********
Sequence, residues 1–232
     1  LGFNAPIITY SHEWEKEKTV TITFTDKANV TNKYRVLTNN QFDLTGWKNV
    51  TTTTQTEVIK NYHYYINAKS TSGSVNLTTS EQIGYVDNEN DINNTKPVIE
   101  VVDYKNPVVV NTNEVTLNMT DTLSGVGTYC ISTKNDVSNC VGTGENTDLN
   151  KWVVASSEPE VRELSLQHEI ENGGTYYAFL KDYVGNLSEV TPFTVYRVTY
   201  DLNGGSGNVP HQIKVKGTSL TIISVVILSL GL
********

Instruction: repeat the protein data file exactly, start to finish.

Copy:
Sequence, residues 1–232
     1  LGFNAPIITY SHEWEKEKTV TITFTDKANV TNKYRVLTNN QFDLTGWKNV
    51  TTTTQTEVIK NYHYYINAKS TSGSVNLTTS EQIGYVDNEN DINNTKPVIE
   101  VVDYKNPVVV NTNEVTLNMT DTLSGVGTYC ISTKNDVSNC VGTGENTDLN
   151  KWVVASSEPE VRELSLQHEI ENGGTYYAFL KDYVGNLSEV TPFTVYRVTY
   201  DLNGGSGNVP HQIKVKGTSL TIISVVILSL GL